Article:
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Protect Your Association from Fraud and Embezzlement

Posted by Jane F. Bolin, Esq. | Feb 19, 2014 | 0 Comments

Anyone can be at risk for fraud, so it's important that you take steps to safeguard your association funds. While no safeguard is foolproof, using a combination of different techniques could help you protect your association from being victimized.

We recently read a CAI article about preventing fraud and embezzlement and have summarized the major points for you below.

  1. Know the association's federal tax ID number (FTI) and keep separate accounts: Use the FTI to obtain periodic listings of all bank accounts and account numbers and make sure they are under the association's name and FTI number. Each board member should know the FTI number because it is needed to verify the existence of accounts and open new accounts, but it should not be spread to general membership.
  2. Use a lock box system for deposits and require dual signatures for all withdrawals: Do not EVER sign a blank check. Require dual signatures on all checks or a monthly report which shows payees, check numbers and amounts. A lock box system allows owners' payments to be mailed or transferred directly to association bank accounts, which reduces the chance that the money will be deposited into the wrong account.
  3. Segregate and safeguard your association's reserves: The reserve account(s) should be under the control of at least two people who have the ability to make withdrawals and transfers. For associations which use professional management or an office manager to handle the finances, any withdrawals and transfers should require the name and signature of a board member. Never give just one board member total control over reserve accounts, and try to lock long-term savings into non-liquid accounts.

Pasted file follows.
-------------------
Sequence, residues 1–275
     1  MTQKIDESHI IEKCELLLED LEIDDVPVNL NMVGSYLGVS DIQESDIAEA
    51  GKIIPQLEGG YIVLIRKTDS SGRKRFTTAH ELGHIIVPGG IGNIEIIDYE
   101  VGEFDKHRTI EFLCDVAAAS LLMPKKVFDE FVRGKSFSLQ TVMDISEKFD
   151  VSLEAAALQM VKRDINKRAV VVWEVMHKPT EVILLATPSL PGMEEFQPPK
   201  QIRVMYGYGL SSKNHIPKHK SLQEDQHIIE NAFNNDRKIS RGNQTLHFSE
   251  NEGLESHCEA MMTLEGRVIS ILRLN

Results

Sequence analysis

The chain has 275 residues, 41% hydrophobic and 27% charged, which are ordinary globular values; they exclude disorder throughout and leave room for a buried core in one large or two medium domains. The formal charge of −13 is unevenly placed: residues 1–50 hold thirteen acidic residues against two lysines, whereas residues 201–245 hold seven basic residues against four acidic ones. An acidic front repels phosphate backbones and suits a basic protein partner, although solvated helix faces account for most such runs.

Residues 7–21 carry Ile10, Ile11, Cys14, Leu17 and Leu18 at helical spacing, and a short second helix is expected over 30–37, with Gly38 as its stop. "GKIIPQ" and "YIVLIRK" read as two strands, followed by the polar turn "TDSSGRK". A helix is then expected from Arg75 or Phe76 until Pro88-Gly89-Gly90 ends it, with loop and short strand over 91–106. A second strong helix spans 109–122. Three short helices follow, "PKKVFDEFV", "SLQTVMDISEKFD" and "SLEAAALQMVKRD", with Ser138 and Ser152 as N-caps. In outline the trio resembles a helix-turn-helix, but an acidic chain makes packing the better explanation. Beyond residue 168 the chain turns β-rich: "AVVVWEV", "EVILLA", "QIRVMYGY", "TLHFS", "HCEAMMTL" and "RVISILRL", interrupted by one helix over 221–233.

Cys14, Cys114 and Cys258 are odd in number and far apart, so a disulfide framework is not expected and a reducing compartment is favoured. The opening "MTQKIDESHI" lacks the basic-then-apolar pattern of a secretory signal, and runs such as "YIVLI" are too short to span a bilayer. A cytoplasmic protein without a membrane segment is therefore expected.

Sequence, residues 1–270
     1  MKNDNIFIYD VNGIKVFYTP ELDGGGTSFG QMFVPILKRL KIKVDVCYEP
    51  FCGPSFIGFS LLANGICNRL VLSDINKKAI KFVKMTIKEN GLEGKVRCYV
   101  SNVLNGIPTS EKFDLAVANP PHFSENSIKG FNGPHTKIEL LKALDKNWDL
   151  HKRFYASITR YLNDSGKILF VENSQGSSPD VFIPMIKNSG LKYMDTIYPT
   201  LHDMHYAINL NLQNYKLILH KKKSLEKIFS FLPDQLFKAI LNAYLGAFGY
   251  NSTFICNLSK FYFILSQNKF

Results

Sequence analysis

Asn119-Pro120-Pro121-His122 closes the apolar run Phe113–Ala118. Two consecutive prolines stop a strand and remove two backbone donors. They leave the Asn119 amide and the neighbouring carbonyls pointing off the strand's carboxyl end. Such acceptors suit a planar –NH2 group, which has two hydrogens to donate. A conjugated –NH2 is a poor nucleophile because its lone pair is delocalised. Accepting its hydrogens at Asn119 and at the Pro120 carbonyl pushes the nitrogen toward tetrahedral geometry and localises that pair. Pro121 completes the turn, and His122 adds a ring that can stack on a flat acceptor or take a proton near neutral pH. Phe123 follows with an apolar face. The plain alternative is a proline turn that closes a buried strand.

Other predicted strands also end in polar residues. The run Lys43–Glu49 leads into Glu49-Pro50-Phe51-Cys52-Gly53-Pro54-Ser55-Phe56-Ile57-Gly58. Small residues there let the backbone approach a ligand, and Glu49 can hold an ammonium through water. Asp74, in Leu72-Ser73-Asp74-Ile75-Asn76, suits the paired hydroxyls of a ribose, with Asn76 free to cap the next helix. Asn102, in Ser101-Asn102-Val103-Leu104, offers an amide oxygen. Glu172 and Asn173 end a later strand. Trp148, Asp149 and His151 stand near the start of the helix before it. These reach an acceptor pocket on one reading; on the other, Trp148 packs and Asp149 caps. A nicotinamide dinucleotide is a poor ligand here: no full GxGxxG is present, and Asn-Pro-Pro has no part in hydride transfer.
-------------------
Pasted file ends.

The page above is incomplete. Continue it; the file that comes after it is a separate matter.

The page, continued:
4. Require that duplicate monthly statements of operating and reserve accounts be sent every month: One statement should be sent to the treasurer or management company and the other should be sent to a board member who does not have the authority to sign checks or make any transfers or withdrawals. Many banks offer statements by e-mail, so these statements could be sent to more, if not all, of the board members. Alternatively, board members could have read-only access to online accounts. While this does require boards to update the information, it could prevent someone from falsifying bank statements.
  5. Check invoices against checks paid and the original receipts for credit card accounts: For associations with professional management or a bookkeeper, the board treasurer should check for any unauthorized use. For self-managed associations, a board member without access to bank accounts or credit card privileges should conduct the review.
  6. Shop around for bank services: Many banks don't enforce dual-signature requirements or prohibit electronic transfers among accounts, even though they are under different FTI numbers. Choose a bank that will demonstrate the safeguards it has in place to minimize theft threats, especially in electronic transfers.
  7. Know the association's insurance company and consult with the agent: Each board member should have copies of the association's insurance policy and the board should have the agent attend a board meeting once a year to discuss the association's policies and whether additional coverage is recommended.
  8. Insure the association's money: Obtain fidelity coverage on the board members and the management company or bookkeeper in an amount that equals or exceeds the association's reserve and several months of operating funds. This should be a part of every association's common expenses.
  9. If your association is professionally managed, make sure that the management agreement includes specific terms to require these safeguards: The association should have its legal counsel review the original agreement and any renewal before execution so that the agreements are not filled with terms that are detrimental to the association.
  10. Regularly engage an independent Certified Public Accountant to conduct an audit: The board should perform an audit at least every few years, if not more. In between audits, the association should have an annual review performed with the stipulation that the bank balances be verified independently.

Used in conjunction with each other, these tips will help you create a system of checks and balances that will safeguard your association from fraud and embezzlement. The last thing you want to find out is that your funds aren't being used the way they should be, so it's up to you to take the steps necessary to protect your association. For more information on how to protect your community association, call us today at 954-316-1339.

About the Author

Jane F. Bolin, Esq.

Founding Member, Managing Partner


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